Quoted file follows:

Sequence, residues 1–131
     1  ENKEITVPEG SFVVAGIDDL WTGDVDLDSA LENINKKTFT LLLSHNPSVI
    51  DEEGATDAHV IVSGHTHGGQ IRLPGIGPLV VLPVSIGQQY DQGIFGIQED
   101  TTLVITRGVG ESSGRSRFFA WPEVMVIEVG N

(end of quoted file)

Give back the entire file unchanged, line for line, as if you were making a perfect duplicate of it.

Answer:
Sequence, residues 1–131
     1  ENKEITVPEG SFVVAGIDDL WTGDVDLDSA LENINKKTFT LLLSHNPSVI
    51  DEEGATDAHV IVSGHTHGGQ IRLPGIGPLV VLPVSIGQQY DQGIFGIQED
   101  TTLVITRGVG ESSGRSRFFA WPEVMVIEVG N